How might one offer a critical analysis of "Three Years She Grew in Sun and Shower," by William Wordsworth?
William Wordsworth’s poem that begins “Three years she grew in sun and shower” can be analyzed in a number of ways, including the following:
- Line 1 is typically Romantic in its emphasis on harmony between humans and nature.
- Lines 2-6 present typically Romantic themes: the beauty and innocence of children; the resemblance of children to flowers; and the sadness potentially provoked by the deaths of children.
- Lines 7-12 emphasize another Romantic theme: the idea that humans, by their close associations with nature, can transcend mere mundane, earthly existence.
- Lines 13-36 stress yet another Romantic theme: the idea that even (or perhaps especially) in death, humans can become part of the beauty of nature. These lines also stress the typical Romantic ideas that we come from nature and return to nature when we die, and that our return to nature is nothing to fear but rather something to welcome. Furthermore, they stress the typical Romantic idea that some people (often especially children) are particularly in tune with nature and are beloved by nature.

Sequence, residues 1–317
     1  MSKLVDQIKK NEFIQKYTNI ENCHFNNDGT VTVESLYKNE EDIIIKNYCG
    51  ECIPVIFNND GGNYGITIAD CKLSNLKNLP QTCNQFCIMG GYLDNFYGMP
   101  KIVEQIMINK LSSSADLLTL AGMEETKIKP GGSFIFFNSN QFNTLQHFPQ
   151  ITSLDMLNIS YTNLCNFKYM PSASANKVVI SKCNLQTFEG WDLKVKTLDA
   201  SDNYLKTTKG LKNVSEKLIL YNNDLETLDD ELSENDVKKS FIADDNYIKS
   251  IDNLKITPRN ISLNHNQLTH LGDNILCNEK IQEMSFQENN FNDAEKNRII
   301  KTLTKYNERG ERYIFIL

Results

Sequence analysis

- Lines 37-42 help protect the poem from charges of saccharine sentimentality, since they juxtapose the sad and “realistic” perspective of the speaker with the lofty, transcendent perspective of the personified Nature.
In this poem, then, Wordsworth contrasts the perspective of a personified Nature, who speaks throughout most of the poem, with the perspective of the shocked and saddened speaker, who speaks in the final stanza. Nature takes the small child away from mere mundane existence and makes the child part of Nature herself. This, Nature suggests, is a worthy transformation, but the speaker of the poem, in the final stanza, focuses instead on his sense of irrevocable loss.
One effect of the poem is to remind us of other poems that are partly similar but also significantly different, such as Ben Jonson’s poem “On My First Son.” In that poem, Jonson likewise laments the loss of a young child, but he also seems absolutely convinced that his son is not really dead but now enjoys a new and better life with God in heaven. In Wordsworth’s poem, references to an afterlife seem mostly metaphorical. It is far less clear in Wordsworth’s poem exactly how (or even if) Lucy survives as a separate, self-conscious entity after she dies. In short, the afterlife as it is presented in Jonson’s poem is far easier to imagine than is the kind of pantheistic post-mortem existence enjoyed by Lucy. The ideas expressed in Jonson’s poem were traditional; the ideas implied in Wordsworth’s poem seem somewhat improvised. Consider, for instance, the following lines, spoken by Nature:
"She shall be sportive as the fawn
That wild with glee across the lawn
Or up the mountain springs;
And hers shall be the breathing balm,
And hers the silence and the calm
Of mute insensate things.["]
How can Lucy simultaneously be “sportive” but also “insensate”? This is just one of many puzzles raised by Wordsworth’s intriguing poem.